Epidermolysis bullosa (EB) is a group of inherited disorders characterised by fragility and blistering of skin. Depending on which layer the blisters form in, EB is classified into four different types: epidermolysis bullosa simplex, junctional epidermolysis bullosa, dystrophic epidermolysis bullosa, and Kindler syndrome.
Junctional epidermolysis bullosa (JEB) is caused by blister formation within the basement membrane and is further classified broadly into generalized JEB and localized JEB. Epidermolysis Bullosa Junctionalis with Pyloric Atresia (JEB-PA) is a rare form of generalized JEB. In addition to the widespread blistering, JEB-PA is characterised by congenital pyloric atresia, fusion of the skin between the fingers and toes, nail abnormalities, joint deformities, and alopecia. Survival of infants with this condition past the first year of life is very rare. JEB-PA is caused by mutations in ITGB4 (integrin-beta-4) or ITGA6 (integrin-alpha-6) genes.
Ismail (2001) reported two patients from the same tribe diagnosed with pyloric atresia with epidermolysis bullosa. Both babies developed sepsis post-operatively and died.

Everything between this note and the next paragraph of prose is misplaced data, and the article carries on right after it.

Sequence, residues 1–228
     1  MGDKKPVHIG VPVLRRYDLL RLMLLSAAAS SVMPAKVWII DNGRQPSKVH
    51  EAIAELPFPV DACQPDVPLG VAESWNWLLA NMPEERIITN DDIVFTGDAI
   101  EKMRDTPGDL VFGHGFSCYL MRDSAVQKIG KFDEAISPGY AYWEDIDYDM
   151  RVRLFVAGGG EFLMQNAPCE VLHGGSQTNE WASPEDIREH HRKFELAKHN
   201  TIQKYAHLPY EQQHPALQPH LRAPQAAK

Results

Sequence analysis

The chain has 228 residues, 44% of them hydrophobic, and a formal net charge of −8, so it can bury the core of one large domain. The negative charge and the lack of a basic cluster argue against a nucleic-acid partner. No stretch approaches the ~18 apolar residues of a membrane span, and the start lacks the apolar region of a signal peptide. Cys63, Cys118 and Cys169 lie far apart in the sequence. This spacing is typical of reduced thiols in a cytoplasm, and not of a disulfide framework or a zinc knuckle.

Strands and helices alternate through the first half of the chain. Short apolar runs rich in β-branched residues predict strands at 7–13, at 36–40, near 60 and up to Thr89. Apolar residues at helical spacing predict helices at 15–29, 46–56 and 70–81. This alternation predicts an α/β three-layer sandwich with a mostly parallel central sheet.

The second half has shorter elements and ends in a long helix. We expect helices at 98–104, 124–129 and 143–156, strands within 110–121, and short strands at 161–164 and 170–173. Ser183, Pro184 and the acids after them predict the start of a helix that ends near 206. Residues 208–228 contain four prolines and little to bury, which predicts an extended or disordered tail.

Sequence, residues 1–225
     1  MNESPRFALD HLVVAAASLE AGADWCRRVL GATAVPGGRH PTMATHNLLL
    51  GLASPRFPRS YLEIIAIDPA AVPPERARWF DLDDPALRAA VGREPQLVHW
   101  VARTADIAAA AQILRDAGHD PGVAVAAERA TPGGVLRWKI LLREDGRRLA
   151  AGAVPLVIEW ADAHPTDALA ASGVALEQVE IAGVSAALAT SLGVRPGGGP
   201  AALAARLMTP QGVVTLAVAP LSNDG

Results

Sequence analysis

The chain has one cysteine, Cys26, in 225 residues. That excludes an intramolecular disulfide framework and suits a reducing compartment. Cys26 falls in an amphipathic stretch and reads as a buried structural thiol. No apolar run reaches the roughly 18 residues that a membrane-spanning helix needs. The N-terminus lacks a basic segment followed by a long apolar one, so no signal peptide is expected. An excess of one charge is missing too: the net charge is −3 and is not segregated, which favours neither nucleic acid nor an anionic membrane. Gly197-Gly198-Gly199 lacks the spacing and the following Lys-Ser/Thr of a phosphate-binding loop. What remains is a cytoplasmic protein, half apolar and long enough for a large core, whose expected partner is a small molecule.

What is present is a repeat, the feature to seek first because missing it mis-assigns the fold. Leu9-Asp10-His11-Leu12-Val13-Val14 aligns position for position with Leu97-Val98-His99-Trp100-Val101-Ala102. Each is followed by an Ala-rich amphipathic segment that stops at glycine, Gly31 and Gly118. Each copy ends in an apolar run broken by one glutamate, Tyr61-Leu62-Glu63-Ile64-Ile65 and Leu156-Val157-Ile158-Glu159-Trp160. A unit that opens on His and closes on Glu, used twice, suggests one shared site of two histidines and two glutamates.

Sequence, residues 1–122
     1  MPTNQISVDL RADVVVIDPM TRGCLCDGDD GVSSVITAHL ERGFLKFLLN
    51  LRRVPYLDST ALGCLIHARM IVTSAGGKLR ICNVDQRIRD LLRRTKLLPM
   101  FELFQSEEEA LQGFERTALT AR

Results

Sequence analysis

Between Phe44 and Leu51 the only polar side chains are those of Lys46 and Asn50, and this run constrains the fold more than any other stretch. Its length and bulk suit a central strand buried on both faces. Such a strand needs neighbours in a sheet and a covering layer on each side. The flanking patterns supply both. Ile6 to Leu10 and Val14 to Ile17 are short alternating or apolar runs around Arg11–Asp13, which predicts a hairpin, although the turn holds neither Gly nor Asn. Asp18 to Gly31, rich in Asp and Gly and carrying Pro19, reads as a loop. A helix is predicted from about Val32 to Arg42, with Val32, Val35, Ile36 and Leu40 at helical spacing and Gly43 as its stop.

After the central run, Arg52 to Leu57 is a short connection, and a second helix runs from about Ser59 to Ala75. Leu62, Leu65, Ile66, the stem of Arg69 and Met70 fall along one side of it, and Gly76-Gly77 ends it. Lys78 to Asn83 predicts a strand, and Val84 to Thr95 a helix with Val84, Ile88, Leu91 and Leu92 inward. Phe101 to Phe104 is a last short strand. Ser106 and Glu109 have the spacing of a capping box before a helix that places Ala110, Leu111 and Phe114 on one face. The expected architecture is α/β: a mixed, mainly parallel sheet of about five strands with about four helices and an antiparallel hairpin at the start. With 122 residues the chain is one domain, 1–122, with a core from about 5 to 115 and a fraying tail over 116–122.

[Ismail A. Pyloric atresia with epidermolysis bullosa: two patients in one week. Qatar Med J. 2001; 10(2):64-6.]
Al-Salem et al. (2002) reported five newborns, 4 males and 1 female, with congenital pyloric atresia, born in Saudi Arabia and the UAE.
Cherif et al. (2005) described a newborn male with epidermolysis bullosa, aplasia cutis congenital, and pyloric atresia. The infant was the result of a consanguineous marriage and family history demonstrated that a previous infant died in the family because of epidermolysis bullosa.
Nawaz et al. (2000) reported two cases of newborns with the coexistence of congenital pyloric atresia and epidermolysis bullosa.
[See also: Saudi Arabia > Al-Salem et al., 2002].